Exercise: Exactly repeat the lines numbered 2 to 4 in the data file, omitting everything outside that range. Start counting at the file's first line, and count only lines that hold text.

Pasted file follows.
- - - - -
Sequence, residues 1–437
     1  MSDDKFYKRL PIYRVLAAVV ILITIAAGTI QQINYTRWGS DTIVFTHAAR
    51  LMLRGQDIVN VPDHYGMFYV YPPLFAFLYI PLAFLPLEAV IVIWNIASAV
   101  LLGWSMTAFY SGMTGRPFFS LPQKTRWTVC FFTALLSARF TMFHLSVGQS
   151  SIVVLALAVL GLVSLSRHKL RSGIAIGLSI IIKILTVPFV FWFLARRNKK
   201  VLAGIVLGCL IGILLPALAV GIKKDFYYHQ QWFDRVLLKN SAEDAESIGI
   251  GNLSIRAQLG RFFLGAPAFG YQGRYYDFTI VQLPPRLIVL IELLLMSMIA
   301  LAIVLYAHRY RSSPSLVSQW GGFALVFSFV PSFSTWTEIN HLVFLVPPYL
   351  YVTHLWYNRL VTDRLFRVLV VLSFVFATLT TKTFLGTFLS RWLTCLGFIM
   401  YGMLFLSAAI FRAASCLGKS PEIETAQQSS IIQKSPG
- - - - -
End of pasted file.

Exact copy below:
     1  MSDDKFYKRL PIYRVLAAVV ILITIAAGTI QQINYTRWGS DTIVFTHAAR
    51  LMLRGQDIVN VPDHYGMFYV YPPLFAFLYI PLAFLPLEAV IVIWNIASAV
   101  LLGWSMTAFY SGMTGRPFFS LPQKTRWTVC FFTALLSARF TMFHLSVGQS